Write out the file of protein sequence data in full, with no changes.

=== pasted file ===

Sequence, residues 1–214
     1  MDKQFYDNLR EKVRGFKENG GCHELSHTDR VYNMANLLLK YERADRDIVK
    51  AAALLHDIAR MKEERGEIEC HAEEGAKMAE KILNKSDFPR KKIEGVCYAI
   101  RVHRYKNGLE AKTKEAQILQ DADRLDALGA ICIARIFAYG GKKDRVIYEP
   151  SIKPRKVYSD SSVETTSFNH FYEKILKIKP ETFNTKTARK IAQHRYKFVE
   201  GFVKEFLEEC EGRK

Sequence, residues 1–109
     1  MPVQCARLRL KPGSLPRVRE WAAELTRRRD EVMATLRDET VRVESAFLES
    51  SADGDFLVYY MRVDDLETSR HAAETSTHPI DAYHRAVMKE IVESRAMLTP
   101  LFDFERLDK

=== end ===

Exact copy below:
Sequence, residues 1–214
     1  MDKQFYDNLR EKVRGFKENG GCHELSHTDR VYNMANLLLK YERADRDIVK
    51  AAALLHDIAR MKEERGEIEC HAEEGAKMAE KILNKSDFPR KKIEGVCYAI
   101  RVHRYKNGLE AKTKEAQILQ DADRLDALGA ICIARIFAYG GKKDRVIYEP
   151  SIKPRKVYSD SSVETTSFNH FYEKILKIKP ETFNTKTARK IAQHRYKFVE
   201  GFVKEFLEEC EGRK

Sequence, residues 1–109
     1  MPVQCARLRL KPGSLPRVRE WAAELTRRRD EVMATLRDET VRVESAFLES
    51  SADGDFLVYY MRVDDLETSR HAAETSTHPI DAYHRAVMKE IVESRAMLTP
   101  LFDFERLDK